News Flash


Posted on: January 10, 2012

Jackson County At Your Fingertips

"We are putting all this data right at people's fingertips."

That is how Jackson County Executive Mike Sanders described the new mapping feature on the county's Economic Development website. The program provides easy access -- available 24/7 -- to information about real estate availability, property values, taxes and other key statistics that were once difficult to obtain quickly. Simply put: the new site puts crucial data within a few keystrokes and mouse clicks of any interested person's fingertips.

From business executives considering expansion to private citizens looking for a home to buy, the application
( is a one-stop resource for vital information.

In-House Project

While presenting the website to the County Legislature during its weekly meeting Monday, January 9, Sanders stressed that "this was an in-house project." The site was created by the Jackson County Economic Development Department with assistance from the county Senior Geographic Information Systems (GIS) Specialist Amber Reynolds.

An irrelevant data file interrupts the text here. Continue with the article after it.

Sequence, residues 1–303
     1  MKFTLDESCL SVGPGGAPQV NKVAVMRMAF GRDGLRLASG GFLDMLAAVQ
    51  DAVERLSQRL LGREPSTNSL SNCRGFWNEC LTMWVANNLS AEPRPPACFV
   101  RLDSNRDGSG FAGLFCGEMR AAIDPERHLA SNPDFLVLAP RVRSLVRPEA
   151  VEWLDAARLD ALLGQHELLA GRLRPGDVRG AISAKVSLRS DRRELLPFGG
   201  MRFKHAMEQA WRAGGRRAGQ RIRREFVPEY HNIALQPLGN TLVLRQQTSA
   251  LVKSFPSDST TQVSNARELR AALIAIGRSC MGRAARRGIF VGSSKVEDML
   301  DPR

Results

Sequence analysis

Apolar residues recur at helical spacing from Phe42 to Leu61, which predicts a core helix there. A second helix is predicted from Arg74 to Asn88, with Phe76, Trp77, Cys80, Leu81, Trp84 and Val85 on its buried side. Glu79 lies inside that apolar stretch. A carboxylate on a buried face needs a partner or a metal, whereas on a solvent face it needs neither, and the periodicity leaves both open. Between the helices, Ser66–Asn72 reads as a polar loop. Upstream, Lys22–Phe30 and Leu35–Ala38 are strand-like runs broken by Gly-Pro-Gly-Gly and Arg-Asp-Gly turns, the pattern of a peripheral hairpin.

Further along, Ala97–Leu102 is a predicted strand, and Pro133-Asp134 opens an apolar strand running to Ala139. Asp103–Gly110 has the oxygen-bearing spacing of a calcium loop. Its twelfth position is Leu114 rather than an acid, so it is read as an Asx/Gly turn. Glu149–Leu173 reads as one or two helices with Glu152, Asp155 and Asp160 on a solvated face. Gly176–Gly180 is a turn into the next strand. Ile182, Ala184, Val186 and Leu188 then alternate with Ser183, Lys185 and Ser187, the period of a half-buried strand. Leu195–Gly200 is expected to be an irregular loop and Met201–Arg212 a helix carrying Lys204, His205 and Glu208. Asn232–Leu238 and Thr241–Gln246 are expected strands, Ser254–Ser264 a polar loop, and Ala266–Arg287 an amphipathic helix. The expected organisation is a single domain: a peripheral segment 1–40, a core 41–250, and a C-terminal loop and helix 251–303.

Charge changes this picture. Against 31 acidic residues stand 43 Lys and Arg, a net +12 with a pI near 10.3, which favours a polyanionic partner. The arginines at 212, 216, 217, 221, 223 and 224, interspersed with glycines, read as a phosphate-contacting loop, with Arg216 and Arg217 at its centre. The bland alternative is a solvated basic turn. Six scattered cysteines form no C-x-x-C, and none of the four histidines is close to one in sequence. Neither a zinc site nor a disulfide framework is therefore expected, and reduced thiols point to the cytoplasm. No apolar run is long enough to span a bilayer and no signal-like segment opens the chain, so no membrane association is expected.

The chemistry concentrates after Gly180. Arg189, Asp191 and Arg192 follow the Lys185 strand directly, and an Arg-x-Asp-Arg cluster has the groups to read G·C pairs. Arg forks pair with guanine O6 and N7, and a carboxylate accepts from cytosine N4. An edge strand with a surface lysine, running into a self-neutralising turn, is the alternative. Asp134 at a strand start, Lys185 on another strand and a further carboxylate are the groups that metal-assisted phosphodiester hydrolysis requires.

"This is one of those rare instances where government is at its best," stated Jackson County Legislator Bob Spence (6th District). "That we could put a program together like this without having to hire an outside consultant for $100,000 or $200,000 is very, very commendable. This is great."

Limitless Possibilities

Since launching the new website, Jackson County has reached out to communities, including Kansas City, Missouri, and various neighborhood associations to add data to the site. Sanders anticipates that the site will eventually expand. The ability to add more data to the site, he emphasized, is practically "unlimited."

Some of the data already available includes some basic real estate information such as property values, tax information and ownership data, as well as information that would interest developers (census statistics, property vacancies, traffic counts, zoning regulations, mass transit availability and more). Kansas City provided data about utilities, vacant homes, rental properties, code violations and dangerous buildings.

"If you are a developer anywhere in the world and have an interest in developing property in our region, you don't have to drive down to the county courthouse and look up the data, then go over to city hall and look up more data there," Sanders said. "It's all right here."

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